Months and Months of Engine Issues



2003 VW GTI 1.8t 104,000 Miles

About 5 months ago, I get the engine light with really no other symptoms, bring it in to my mechanic and am told the engine is not warming up properly so temperature sensor is replaced.

Within a day of getting the car back, same thing… they replaced the sensor under warranty.

Within a week the same thing… this time they say there was a misfire code so they replace plugs and wires.

A couple of weeks go by and I get the CEL again but now when I’m at highway speeds and accelerate to pass the car hesitates… I take it in to 2 different places and they both tell me I need a catalytic converter.

A week later, it’s back on again… but this time every once in a while it’ll feel like I lose a cylinder and the CEL will flash for 30 seconds and then I get full power back.

It’s been in twice now for this, both under warranty repair. Once for coils (had engine coils replaced a few years ago) and the latest time, I didn’t speak to the mechanic, but the receipt says “converter”

Well it happened again the next day. So before I bring it in again… I thought I’d check here



bump… this is driving me nuts


I think they are using your “check engine light” to make their boat payments. Is this a dealership? I think you need to find a good, independent mechanic and let them find your “real” problem. This can go on for months and months if you don’t put a stop to it now.


It is an independent mechanic. And many of the times brought in they’ve done the work for free because they’re replacing a part they already put in.

When I had the catalytic converter issue, I brought it to both the dealer and the independent guy to check.


When an engine is not warming up it is ususally a stuck open thermostat!!! That has been the cars since the automobile thermostat was invented. No amount of fooling around with sensors is going to change that. The thermostat opens when the engine coolant temperature reaches the desired level (warm) and then the radiator starts cooling the fluid to keep the engine from overheating.

Your shop is either thoroughly incompetent or dishonest or both. A good independent mechanic who knows Volkswagens can sort out your problem in one visit.


I do not think that is the issue any more or wasn’t in the first place. My temp gauge has always been right on. Never noticed any fluctuations with the engine temp.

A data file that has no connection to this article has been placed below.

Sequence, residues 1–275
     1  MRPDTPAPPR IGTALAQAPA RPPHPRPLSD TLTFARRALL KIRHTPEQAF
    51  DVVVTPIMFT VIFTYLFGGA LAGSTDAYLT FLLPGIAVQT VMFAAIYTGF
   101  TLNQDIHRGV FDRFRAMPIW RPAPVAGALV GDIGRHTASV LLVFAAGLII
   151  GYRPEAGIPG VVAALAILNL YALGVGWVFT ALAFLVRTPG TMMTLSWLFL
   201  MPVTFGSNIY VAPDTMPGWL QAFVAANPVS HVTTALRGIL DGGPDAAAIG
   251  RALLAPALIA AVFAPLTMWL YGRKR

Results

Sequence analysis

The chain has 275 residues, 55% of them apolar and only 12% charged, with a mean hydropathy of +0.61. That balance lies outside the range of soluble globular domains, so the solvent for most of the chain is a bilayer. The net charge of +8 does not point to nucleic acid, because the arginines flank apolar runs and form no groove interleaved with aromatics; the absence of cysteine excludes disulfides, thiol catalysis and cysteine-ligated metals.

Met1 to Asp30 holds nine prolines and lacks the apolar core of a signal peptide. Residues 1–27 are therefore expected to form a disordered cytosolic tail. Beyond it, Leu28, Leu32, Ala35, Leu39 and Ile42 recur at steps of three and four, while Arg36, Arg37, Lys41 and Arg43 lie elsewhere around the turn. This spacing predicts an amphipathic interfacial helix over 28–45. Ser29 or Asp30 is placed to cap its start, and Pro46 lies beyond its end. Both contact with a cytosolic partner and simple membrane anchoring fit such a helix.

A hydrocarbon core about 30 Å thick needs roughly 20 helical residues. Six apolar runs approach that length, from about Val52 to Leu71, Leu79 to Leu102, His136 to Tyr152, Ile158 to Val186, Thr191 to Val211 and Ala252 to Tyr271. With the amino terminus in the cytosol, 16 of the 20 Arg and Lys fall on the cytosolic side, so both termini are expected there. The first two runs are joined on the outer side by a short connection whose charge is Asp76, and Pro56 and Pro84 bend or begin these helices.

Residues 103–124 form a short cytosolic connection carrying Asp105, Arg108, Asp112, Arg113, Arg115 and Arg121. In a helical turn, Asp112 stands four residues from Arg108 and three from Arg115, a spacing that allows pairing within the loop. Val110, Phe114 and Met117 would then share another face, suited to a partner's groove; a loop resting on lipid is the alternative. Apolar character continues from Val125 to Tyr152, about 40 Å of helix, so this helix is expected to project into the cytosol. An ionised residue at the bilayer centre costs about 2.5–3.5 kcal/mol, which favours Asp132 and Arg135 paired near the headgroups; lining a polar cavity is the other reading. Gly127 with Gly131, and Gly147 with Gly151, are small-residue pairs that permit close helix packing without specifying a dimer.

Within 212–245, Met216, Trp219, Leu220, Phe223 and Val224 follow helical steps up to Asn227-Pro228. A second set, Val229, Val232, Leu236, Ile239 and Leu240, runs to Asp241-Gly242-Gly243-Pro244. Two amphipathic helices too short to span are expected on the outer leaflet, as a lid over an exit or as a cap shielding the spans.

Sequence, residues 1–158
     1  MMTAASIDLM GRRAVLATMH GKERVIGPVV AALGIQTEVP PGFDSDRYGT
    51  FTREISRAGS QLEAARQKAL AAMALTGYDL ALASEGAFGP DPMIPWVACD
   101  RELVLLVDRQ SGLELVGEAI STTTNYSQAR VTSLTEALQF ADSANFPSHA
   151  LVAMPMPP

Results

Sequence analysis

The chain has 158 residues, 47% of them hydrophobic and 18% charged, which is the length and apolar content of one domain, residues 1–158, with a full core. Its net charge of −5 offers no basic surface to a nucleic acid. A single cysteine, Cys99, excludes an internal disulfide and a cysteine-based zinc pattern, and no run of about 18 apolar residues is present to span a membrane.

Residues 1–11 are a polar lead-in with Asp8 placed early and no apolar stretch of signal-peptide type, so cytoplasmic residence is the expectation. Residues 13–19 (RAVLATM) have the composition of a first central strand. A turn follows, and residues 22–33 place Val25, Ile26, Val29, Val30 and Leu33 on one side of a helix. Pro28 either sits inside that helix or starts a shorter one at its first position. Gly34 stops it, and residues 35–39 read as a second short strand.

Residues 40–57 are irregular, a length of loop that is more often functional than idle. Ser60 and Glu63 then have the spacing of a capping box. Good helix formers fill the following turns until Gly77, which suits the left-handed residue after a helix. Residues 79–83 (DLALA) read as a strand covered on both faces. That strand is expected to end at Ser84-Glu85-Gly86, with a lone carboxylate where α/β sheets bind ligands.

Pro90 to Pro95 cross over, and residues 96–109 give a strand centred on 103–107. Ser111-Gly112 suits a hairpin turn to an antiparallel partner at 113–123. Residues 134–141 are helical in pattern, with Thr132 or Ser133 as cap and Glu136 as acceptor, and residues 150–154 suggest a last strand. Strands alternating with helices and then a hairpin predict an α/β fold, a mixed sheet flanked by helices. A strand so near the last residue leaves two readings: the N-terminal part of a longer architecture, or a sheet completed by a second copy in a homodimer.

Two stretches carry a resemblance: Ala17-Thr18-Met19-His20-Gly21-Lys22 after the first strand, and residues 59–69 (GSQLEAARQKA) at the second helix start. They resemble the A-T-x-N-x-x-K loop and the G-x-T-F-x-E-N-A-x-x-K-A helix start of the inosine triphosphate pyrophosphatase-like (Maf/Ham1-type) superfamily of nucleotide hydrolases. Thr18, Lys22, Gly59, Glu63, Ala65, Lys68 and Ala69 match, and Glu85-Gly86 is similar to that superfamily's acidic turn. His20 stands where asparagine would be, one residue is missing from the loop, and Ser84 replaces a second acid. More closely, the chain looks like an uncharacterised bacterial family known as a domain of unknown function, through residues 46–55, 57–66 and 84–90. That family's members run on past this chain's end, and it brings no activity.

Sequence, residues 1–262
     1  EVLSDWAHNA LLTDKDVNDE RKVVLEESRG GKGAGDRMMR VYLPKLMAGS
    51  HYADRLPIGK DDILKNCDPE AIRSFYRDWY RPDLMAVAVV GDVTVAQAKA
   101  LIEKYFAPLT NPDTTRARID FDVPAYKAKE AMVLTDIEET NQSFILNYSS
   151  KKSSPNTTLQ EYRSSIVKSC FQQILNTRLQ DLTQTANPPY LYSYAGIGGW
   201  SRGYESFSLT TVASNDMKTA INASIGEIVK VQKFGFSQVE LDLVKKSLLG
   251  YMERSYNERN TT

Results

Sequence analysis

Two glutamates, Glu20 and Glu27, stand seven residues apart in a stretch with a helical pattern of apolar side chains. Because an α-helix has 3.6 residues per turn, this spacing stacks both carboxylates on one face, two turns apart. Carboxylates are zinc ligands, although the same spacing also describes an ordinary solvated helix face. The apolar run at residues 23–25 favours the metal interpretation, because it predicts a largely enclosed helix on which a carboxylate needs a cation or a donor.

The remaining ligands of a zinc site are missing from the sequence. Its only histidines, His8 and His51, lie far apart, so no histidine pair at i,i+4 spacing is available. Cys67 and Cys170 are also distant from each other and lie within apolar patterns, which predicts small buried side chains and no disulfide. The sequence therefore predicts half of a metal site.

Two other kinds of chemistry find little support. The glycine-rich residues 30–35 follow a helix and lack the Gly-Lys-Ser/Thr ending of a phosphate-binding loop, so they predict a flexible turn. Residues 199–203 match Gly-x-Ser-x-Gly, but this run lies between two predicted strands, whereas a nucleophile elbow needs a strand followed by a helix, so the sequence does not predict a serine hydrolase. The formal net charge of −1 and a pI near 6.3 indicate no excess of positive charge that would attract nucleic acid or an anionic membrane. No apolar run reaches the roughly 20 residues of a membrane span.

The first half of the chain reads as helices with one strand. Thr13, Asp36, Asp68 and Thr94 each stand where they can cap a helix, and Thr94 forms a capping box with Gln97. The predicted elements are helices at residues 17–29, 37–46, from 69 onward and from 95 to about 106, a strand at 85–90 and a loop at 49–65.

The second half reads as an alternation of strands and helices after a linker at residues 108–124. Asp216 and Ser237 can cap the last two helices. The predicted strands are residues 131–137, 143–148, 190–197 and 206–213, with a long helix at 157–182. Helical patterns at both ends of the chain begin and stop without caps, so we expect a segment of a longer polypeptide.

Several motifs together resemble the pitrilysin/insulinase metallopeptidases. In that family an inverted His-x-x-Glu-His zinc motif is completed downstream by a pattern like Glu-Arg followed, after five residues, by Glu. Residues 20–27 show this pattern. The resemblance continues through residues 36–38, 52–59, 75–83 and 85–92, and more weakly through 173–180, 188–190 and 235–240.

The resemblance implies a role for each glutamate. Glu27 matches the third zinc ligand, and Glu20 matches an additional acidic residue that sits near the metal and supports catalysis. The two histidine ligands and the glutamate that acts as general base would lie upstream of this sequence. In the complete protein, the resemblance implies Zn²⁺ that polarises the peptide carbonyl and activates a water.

If the thermostat is stuck open there will be a problem with warming the engine up and it will not cause overheating.

Take the car by a local AutoZone, Checkers, Advance, or whomever and get it scanned for codes. They will do this for you free and it only takes a minute. Post the codes back for discussion.
Without knowing exactly what those misfire codes were it’s impossible to even guess.

I’m not convinced that you have a problematic car and this could be more a matter of guessing at the causes of the problems.


If by “not warming up” you mean no heat out of the heater or defrosters, that’s another problem altogether. No heat from the heater could be a cloggged ehater core or an air door stuck in the open position.


I’ll be posting the codes later today


But if the thermostat is stuck at say, halfway open, it will take longer than normal to warm the car up, but it will eventually overheat too. I had a thermostat do exactly this.



Plugs, 4 Coils on 8/21/08
Temp Sensor on 12/20/08
temp sensor in dec of '09
Plugs & 1 Ingnition coil on 1/19/10
plugs changed on 3/2/10
Cat Converter on 3/15/10 & 1/19/10


I’m not convined the engine is or was overheating. It it had been, the temp sensor would have been the wrong part to change, the T-stat would be the first on the list of suspects. I have to wonder if they checked the codes too. A bad temp sensor can store a failure code. It’d be in the P015? range.

You’ve had it to two (three?) different shops now that have told you you need a converter. Has any of them checked the oxygen sensor output signals? If they have, and the diagnosis was that you need a converter, than you probably need a converter. While the upstream sensor is the only one that affects the metering, converters can also fail internally in ways that can restrict exhaust flow, and and that can cause power loss as well as a CEL light.

If none of the shops has actually looked at the oxygen sensor signals, you may just need an upstream sensor.

I agree with OK4450 that your first step should be to have the codes read. Post them here.


Codes posted above.


P0301 - Misfire detected, Cylinder 1
P3081 - Engine Temp too Low
P2181 - Cooling system Performance

The questions I have are:

  1. Are these the latest codes, or the codes that they were working from since Dec, 2009?

  2. If these are the codes from Dec, which ones are current?

  3. When was the last coolant flush and fill, with new thermostat and radiator cap?

  4. What brand of plugs did they use on the last change?